As the global LNG industry grows, so must its perception and understanding of security threats. Understandably, some attention has been focused on specific piracy risks faced by LNG carriers; the statistics alone speak for themselves: the number of LNG carriers travelling through the Suez canal more than doubled from 428 in 2008 to 885 in 2010; in the same time period attacks in the Red Sea, Gulf of Aden and Indian Ocean jumped by nearly 60 per cent from 136 to 217. Alarming news reports have speculated on LNG carriers exploding under small arms fire in the Indian Ocean, and insurance premiums have risen accordingly. In response, many LNG operators are quick to hire private security detachments in order to protect their vessels, and cash in on discounts offered to ships employing armed anti-piracy measures. Now that the sustainability of the international naval presence is being questioned, the demand for private security is higher than ever.
What is required, however, is a level-headed and proportionate response to the actual threat faced by LNG carriers.
The notion that a well placed AK47 or RPG round could breach the hull or tank of an LNG carrier causing a major explosion, possibly even sinking the ship, is simply wrong. Because of their design LNG tanks require exceptional amounts of force to breach the tank; small arms fire will have no impact on the double hull of an LNG carrier. Furthermore, LNG is stored at atmospheric conditions, not under high pressure, so a mere crack will not cause an immediate explosion. Even with higher velocity or calibre weaponry than the small arms favoured by pirates the risk of explosion is unrealistic.
Of greater concern is the fire risk onboard LNG carriers which is heightened significantly by the presence of volatile cargo. Twice this year have pirates started fires on vessels in an attempt to force the crew from citadels; in both instances the crew were rescued by navy forces after pirates left the vessel. As a result, vessels must ensure adequate fire safety drills, procedures and equipment are up to date and widely distributed on board.
However, fire risk should be an issue of concern for all vessels. Although the extent of damage caused by a fire aboard an LNG vessel could be greater, the same could be said for any tanker carrying flammable cargo.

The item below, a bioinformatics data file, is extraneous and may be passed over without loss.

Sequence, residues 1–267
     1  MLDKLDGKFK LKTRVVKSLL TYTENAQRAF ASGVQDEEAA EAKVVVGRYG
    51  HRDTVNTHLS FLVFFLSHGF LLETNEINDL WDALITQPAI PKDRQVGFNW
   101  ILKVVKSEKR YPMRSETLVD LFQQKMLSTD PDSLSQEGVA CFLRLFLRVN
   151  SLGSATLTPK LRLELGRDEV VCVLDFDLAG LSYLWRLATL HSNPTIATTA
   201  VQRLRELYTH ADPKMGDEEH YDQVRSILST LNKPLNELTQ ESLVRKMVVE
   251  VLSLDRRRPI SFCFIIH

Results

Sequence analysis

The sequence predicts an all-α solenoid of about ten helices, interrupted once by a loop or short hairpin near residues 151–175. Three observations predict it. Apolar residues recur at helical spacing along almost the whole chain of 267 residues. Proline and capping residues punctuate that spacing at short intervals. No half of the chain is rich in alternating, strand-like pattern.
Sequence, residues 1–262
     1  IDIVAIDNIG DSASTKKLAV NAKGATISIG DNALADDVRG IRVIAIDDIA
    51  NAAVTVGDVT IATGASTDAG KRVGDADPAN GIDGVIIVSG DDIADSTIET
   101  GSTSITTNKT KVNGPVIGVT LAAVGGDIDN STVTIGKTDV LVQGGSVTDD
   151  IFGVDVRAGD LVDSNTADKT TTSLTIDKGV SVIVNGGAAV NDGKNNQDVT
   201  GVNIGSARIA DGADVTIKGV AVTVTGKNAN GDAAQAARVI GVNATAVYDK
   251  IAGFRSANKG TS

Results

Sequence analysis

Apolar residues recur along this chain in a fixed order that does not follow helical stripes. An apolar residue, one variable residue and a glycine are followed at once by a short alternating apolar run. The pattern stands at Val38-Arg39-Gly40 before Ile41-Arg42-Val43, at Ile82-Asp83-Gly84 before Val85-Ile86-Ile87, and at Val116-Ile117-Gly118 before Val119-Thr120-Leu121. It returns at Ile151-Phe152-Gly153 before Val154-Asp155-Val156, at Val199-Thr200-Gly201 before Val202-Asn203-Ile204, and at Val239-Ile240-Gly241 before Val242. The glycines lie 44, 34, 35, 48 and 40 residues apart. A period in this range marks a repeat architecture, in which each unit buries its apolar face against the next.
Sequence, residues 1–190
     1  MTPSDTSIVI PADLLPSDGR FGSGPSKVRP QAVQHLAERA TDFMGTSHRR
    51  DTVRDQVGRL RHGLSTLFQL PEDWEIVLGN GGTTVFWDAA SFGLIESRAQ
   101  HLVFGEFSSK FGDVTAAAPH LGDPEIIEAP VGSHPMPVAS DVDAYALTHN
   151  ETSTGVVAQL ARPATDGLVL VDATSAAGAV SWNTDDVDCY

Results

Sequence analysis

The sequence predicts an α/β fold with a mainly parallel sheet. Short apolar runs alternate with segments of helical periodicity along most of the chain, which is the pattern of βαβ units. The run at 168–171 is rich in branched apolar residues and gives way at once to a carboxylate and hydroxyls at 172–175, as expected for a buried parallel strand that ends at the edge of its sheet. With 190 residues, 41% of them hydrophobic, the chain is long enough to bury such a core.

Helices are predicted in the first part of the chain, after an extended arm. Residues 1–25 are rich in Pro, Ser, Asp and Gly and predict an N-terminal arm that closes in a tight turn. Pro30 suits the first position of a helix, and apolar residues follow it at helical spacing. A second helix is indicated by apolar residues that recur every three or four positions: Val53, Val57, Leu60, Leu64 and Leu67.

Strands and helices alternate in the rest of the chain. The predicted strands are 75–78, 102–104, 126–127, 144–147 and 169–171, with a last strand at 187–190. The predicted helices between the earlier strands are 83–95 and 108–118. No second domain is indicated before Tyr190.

The only truly LNG-specific risk is caused by the perishability of its cargo. Detention periods are getting longer as negotiations become more protracted. Pirates know to hold out for the average ransom amount of US$4.5 million – of the vessels still held in Somalia, the average detention period is now 332 days. The conditions to allow a cargo of LNG held at -160 degrees centigrade cannot be sustained indefinitely; the nature of LNG therefore imposes an additional time constraint on ransom negotiations, meaning the settlement amount is likely to be higher than average. Tried and tested crisis response procedures should be in place to save valuable time in the event of a hijacking to allow negotiations to proceed efficiently.
Whilst some LNG operators may rush to hire armed guards, it is essential to first question both the necessity and associated risks of introducing weapons on board, and the credibility and experience of the personnel. A thorough knowledge of pirate capabilities and vessel vulnerabilities, combined with best management practices, will remain a highly effective anti-piracy solution. Unnecessary scenarios where LNG carriers with high freeboards and capable speeds of above 18 knots slow down and succumb to intimidating small arms fire, as was reported recently, can be avoided altogether with adequate knowledge and training, and minimal risk
Rory Lamrock, AKE Security
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